Before she started with the technique, Anniko told her story of coming to the US from Hungary in the sixties. She had had hopes of becoming an artist as a teenager and going to art school in Hungary. However, due to the corruption of the communist government and the high cost of the bribes required to enter a specialized school, her parents enrolled her in a school for seamstresses. She hated every minute of her time there and soon came to realize that her sewing was the worst in the entire school. Many years later she learned about quilting in the US and has never looked back. She explained that many of her relatives were annihilated in the Holocaust. She was in possession of one tiny black and white photo of her grandmother and made the most amazing quilt of her that was just purchased by a museum for their permanent collection. What an honor for a girl who couldn't sew!

Completed Face
Well, as we all sat down and prepared to work, I looked at the pattern we were going to be using that was generated from a photo of one of Anniko's friends. I started to feel the slightest niggling of anxiety beginning to stir in my gut. This pattern looked like a very intricate paint by number canvas. Each color of fabric was denoted by a number. Number? I hate numbers! We were to write the numbers on the backs of the various shades of fabric and keep them in order as we worked. Well, I'm sort of a laid back, do it if it feel right sort of girl, and I was very quickly becoming disoriented. I kept having to ask Anniko to come back to my seat, asking "what did you say to do?, Is this right? What area are we supposed to be working on?" I felt like an idiot. Meanwhile, all the traditional quilters are merrily progressing and are way ahead of me. OMG! I was going to be the one person who couldn't do it. The art quilter who couldn't make an art quilt. The laughing stock of the guild! However, an amazing thing happened, after a half an hour the technique just clicked and I got it. I wasn't stupid after all. I could do this. In another hour, not only was I not behind, I was leading the pack, and ooops, not following directions. All those little numbers fell off my fabric and I was using them in an intuitive way. Hey, this is my style after all. I am proud to say that I was one of the few to finish the face before class ended. Anniko told me that my face was "different from all the rest, and I mean that in a good way." It was very interesting to observe that while we were all using the same pattern, each face turned out completly different, and even more odd was the fact that the faces actually looked like the person making them. It was a lot of fun and I can't wait to get started on a quilt using my own photograph, but I've got just one more quilt to finish first.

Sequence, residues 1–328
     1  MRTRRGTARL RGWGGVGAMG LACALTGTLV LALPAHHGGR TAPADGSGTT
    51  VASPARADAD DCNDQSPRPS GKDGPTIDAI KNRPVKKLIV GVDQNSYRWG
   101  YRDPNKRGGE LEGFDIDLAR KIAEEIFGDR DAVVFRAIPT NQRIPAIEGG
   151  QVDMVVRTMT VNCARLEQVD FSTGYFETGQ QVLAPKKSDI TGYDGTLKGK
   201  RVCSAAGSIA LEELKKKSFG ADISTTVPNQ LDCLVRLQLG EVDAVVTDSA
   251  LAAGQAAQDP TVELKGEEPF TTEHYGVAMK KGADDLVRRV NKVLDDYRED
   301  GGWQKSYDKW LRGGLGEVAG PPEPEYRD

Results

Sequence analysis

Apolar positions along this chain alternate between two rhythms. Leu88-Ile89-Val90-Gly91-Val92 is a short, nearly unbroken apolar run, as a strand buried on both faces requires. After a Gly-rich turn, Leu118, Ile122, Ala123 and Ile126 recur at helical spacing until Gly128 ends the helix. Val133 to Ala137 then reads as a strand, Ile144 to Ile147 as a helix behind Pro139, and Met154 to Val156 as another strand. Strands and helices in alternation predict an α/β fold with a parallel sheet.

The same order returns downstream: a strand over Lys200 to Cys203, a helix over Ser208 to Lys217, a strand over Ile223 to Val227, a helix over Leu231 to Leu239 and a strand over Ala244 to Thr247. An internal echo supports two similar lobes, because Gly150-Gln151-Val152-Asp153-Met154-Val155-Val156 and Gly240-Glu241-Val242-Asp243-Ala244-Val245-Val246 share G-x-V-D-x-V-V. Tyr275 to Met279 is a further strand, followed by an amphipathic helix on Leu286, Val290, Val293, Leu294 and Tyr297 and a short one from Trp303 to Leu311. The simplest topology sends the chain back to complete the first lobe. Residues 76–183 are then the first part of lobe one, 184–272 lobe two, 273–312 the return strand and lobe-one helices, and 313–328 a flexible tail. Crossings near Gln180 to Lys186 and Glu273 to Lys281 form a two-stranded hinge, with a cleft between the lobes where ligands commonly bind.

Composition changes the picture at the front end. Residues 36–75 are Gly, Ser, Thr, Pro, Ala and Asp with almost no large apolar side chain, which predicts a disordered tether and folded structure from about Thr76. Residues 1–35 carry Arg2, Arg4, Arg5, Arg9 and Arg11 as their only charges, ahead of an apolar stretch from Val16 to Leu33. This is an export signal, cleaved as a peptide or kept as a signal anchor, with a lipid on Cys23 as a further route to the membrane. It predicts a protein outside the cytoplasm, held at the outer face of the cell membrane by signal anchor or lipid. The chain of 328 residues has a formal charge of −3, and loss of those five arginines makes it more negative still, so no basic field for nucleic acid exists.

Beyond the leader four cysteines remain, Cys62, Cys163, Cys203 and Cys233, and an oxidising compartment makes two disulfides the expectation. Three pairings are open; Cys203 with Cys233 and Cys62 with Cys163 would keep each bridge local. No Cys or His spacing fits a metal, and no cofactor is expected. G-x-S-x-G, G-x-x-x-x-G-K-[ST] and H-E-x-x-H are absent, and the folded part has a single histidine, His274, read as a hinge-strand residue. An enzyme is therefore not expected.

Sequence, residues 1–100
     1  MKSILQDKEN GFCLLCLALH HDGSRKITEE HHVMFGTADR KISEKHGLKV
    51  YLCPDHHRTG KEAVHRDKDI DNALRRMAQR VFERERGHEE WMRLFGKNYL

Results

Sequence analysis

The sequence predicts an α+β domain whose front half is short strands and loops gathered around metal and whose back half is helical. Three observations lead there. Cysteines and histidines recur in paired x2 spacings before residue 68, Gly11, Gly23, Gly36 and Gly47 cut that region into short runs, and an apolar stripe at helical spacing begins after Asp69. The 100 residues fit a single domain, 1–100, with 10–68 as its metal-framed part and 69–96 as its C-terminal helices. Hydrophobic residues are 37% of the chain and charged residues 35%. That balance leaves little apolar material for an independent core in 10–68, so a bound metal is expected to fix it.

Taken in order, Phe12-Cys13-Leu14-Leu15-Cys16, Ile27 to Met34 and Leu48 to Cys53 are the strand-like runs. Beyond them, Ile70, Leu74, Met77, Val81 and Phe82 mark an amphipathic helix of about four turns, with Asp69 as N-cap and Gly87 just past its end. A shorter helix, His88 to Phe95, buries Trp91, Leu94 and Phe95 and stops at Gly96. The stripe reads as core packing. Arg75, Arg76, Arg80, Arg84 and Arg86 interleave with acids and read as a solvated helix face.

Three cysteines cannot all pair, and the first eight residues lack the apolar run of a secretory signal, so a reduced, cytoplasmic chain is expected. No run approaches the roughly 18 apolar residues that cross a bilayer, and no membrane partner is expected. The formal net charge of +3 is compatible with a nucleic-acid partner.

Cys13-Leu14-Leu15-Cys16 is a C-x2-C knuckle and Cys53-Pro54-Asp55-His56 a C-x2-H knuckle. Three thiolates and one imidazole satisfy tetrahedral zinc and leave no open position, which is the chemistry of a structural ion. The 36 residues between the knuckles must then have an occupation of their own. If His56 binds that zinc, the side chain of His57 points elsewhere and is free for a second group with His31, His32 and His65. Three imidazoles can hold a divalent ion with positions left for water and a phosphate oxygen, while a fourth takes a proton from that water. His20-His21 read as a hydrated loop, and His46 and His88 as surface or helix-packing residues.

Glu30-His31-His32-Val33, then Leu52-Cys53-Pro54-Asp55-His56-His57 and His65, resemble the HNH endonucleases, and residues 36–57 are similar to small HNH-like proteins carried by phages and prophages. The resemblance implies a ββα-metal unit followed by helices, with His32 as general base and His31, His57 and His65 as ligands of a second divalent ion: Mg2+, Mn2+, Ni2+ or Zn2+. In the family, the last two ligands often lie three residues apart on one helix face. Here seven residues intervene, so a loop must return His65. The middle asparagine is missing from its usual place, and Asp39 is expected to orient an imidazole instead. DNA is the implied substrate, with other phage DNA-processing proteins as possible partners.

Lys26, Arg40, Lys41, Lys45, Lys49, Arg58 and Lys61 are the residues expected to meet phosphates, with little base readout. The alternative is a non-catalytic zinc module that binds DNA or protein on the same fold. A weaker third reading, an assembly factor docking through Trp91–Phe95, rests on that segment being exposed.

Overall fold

Sunday, June 27, 2010

What I Did on My Summer Vacation - Part One

Japanese Friendship Garden, Balboa Park, San Diego
It has been a mad house around here lately. A lot of commitments at work, preparation for a solo show, trying to keep up with the yard, etc., so I really needed a break. This year it was California here I come. If you are a woman of a certain age, perhaps you had a big crush on the Beach Boys as a teen, I sure did.
Torrey Pines State Park, La Jolla